When talking about the economy the same miscommunication seems to be taking place. While one woman’s economy refers to the behavior of investors and the stock market, another’s might mean the number of jobs she needs to keep the mortgage payments covered.
Context is everything in communication. My father used to tell a joke from his childhood at the launch of any planning on a new project. As a kid growing up in little Italy he was watched over by his very strict grandma, as were all the other kids in the neighborhood. While he grew up speaking a mix of Italian and English, Grandmas spoke only the Italian they grew up with, and very little English. Running around the garden one day, he and his neighbor knocked over an old terracotta planter, shattering it into pieces. “Did you see what your grandson did?” shrieked one Grandma to mine. “My flowerpot is in a million pieces!” My great grandmother laughed, “You’re insane.” She replied, “it’s clearly fine.” My grandma’s Italian was not the same as the neighbor’s. What she heard in her Irpinian dialect was that my dad broke her head, not her flowerpot. Hilarity ensued as the grandmas argued about whether her head was in a million pieces or her flowerpot was clearly fine.
When talking about the economy the same miscommunication seems to be taking place. While one woman’s economy refers to the behavior of investors and the stock market, another’s might mean the number of jobs she needs to keep the mortgage payments covered. While the stock market may be recovering, the job market is not. Recent news coverage has made clear that many workers see the economy, in this current COVID-19 crisis as referring to jobs and cash availability, not to investments and dividends.
The divide between Wall Street and Main Street was widening before the current coronavirus crisis. “There may have been a day when one could simply look at the performance of the stock market to gauge the health of an economy, but those days are no more. Or, at least, the relationship between the stock market and real economy is more attenuated now than ever before. If you squint, you can see a resemblance. But it's faint.”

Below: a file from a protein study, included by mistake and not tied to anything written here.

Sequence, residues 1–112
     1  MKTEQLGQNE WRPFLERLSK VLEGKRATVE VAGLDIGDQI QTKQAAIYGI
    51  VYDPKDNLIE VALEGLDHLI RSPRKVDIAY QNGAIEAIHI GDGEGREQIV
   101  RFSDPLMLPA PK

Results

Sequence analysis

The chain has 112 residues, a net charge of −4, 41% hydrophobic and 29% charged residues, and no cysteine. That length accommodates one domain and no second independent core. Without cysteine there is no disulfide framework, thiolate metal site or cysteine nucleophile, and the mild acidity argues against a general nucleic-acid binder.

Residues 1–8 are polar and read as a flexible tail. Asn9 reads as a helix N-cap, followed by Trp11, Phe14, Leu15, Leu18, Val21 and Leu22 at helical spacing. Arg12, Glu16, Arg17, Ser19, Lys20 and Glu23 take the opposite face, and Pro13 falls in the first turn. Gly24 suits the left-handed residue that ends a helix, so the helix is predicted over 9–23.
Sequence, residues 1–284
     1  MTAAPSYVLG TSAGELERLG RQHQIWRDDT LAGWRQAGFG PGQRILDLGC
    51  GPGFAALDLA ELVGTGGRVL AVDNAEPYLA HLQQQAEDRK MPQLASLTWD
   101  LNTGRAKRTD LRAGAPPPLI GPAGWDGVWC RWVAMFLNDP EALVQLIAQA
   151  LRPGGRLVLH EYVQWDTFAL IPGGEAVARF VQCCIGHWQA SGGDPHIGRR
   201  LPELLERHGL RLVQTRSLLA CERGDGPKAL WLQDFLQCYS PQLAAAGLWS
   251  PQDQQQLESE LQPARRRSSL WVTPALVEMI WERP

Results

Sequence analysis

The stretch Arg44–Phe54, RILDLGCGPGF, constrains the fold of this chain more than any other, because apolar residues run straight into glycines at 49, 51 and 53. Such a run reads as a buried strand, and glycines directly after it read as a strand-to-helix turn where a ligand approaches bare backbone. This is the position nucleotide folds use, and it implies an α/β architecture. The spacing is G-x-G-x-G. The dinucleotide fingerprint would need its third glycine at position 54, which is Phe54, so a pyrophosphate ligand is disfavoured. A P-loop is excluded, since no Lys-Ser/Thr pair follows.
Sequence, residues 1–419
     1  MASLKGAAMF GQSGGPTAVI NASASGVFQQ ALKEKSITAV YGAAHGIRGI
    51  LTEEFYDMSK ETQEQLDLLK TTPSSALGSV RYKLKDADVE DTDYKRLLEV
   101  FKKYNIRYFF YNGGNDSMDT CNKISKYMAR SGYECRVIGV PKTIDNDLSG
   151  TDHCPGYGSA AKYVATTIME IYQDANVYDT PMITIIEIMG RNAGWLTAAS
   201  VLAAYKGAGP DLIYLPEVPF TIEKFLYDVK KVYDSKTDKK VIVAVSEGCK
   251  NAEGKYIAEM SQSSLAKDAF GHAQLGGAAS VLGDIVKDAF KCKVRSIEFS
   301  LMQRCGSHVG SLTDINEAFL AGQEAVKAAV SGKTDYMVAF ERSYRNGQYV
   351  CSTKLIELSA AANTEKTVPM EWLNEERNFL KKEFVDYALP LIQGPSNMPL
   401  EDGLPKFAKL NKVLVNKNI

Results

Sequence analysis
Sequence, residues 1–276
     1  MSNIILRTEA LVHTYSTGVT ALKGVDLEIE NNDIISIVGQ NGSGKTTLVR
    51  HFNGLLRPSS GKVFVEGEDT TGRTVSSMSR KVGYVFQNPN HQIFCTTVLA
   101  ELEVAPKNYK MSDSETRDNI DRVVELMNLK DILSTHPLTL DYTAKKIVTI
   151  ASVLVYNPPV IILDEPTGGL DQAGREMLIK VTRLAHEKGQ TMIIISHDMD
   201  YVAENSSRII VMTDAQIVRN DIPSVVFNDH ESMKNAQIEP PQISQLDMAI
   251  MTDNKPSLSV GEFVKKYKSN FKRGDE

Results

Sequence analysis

So how can a financial advisor discuss the stock market, investing and retirement planning in this communications morass? One way may be to acknowledge the tension between the two. “Just a few weeks into the coronavirus crisis, many are already pointing to the striking contrast between what has happened to the real economy and financial markets. This Main Street versus Wall Street tension is fueled both by legacy and current issues and sheds light on the state of economic and financial policies.” That Bloomberg article goes on to make the distinction between the two crystal clear: “…30 million workers have applied for jobless claims in just six weeks …. 4.8% contraction in gross domestic product at an annualized pace in the first quarter with a further 30% to 40% decline in the cards for this quarter…. long lines outside food banks around the country…Yet Wall Street is coming off the best month for stocks in 33 years.”
The key may be in how you define your terms. One communications expert suggests, “defining your terms may seem tedious, and you don’t want to be patronizing when communicating with your readers, but you don’t want to be misleading either. Always use terms correctly, and find an elegant way to define the technical ones.”
Another easy way to keep the tension and confusion out of your communications may be to simply use different terms. As one expert suggests, before starting a communication with a potentially vague term, or confusing issue, ask yourself four questions. “Here are four questions that will help you to define your meaning: Please use them: (1) When you say, BLANK, what do you mean specifically? (2) How would you know [when you have] BLANK? (3) What would you hold to be the test for BLANK? (4) … What are its three or four distinguishing characteristics?”
The time you spend being as clear as possible with your communications will be well felt by your clients.
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